FYI: Vancouver is Full of Underground Chinese Restaurants
A growing phenomenon, several dozen sichu have proliferated in Vancouver over the past several years.
October 23, 2017
I drive down the main street of Simon Fraser University’s UniverCity village, scanning the sidewalk, looking for my suppliers. At first, nothing. And then, there they are. Min, in one of the lovely Doris Day-style housedresses that she seems to favour, and her daughter, Sherry, holding white plastic bags. I hand over the cash, $37, as we’d agreed earlier in the day, and then my husband and I race off to a nearby park to consume our goods. We open the bags and then the Styrofoam containers, unsure of exactly what we’ll get.
It’s even better than what I expected. Chunks of terracotta-coloured chicken pieces, spicy with cayenne. One container of vermicelli noodles, the clear glass kind, darkened with soy sauce and sprinkled with bits of minced pork and green onions. Steamed buns with meat filling, their bottoms browned with a lacy fringe from the frying pan. A hefty box of spareribs, rich with fat and black-bean sauce, and another one of cabbage with bacon.
Our secret meal is from a sichu, one of several dozen that have proliferated in Vancouver over the past several years. A sichu (literal translation: “private chef”) is the Vancouver term for an underground Chinese restaurant. It’s a growing phenomenon in some parts of China via an Airbnb-style platform. The concept, in a more primitive form, has trickled into cities like Vancouver and Los Angeles, thanks to the new tide of mainland Chinese immigrants, one contingent of which is homesick for cheap, homemade food and another whose members are bored and looking for something to keep themselves busy.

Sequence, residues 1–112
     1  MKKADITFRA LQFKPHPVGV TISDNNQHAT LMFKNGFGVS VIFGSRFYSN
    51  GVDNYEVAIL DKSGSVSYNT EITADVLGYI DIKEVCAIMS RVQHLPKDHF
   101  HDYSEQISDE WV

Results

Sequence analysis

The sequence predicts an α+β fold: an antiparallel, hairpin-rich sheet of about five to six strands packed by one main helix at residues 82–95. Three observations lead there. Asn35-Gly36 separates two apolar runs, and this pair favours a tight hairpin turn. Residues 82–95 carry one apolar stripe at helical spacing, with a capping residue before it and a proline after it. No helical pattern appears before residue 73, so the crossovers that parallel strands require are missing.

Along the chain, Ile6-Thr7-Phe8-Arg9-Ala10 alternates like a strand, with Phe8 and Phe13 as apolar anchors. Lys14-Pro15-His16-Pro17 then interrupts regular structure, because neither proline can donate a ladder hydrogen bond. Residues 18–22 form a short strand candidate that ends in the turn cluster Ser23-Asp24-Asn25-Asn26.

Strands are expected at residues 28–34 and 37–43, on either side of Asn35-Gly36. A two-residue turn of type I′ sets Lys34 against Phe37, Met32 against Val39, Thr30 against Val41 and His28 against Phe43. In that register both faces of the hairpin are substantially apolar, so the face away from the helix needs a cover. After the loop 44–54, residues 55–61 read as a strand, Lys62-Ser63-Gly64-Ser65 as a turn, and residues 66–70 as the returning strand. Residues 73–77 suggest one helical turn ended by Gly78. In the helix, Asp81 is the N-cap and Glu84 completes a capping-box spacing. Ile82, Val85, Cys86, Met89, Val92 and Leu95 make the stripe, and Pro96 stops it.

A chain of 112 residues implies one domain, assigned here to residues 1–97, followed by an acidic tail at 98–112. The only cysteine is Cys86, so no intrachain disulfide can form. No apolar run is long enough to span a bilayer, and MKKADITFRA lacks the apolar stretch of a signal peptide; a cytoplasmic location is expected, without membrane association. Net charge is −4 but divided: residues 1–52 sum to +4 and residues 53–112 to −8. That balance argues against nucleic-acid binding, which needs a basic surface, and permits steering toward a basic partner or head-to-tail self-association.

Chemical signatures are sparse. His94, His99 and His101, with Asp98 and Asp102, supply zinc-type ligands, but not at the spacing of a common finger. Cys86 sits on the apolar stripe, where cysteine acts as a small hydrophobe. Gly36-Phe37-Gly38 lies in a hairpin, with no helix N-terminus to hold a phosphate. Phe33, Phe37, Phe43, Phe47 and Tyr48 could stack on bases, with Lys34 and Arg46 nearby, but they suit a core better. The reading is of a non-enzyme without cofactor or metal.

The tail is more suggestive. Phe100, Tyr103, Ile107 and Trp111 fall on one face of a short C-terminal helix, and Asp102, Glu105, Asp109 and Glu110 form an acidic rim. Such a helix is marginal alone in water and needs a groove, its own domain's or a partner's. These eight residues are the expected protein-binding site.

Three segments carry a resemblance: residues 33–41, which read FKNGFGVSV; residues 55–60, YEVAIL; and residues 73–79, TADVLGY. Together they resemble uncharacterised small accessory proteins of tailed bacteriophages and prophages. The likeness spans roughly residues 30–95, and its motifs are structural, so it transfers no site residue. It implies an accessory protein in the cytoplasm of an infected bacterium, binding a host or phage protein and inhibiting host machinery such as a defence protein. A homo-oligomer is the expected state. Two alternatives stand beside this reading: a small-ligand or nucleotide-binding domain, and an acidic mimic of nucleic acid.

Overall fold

The authority hasn’t inspected or closed down an underground restaurant in at least two decades.
Underground food and alcohol purveyors are not new to Vancouver. Amateur chefs have run various secret dinner clubs over the years in city houses and apartments, coming and going in waves, though they have become somewhat less popular recently. “It’s faded a bit because there’s just no money in it,” says pre-eminent Canadian food scholar Lenore Newman. A University of the Fraser Valley professor and author of Speaking in Cod Tongues: A Canadian Culinary Journey, Newman notes there was a thriving underground moonshine industry in East Vancouver for several years before laws changed to encourage legal producers of gin, vodka and beer.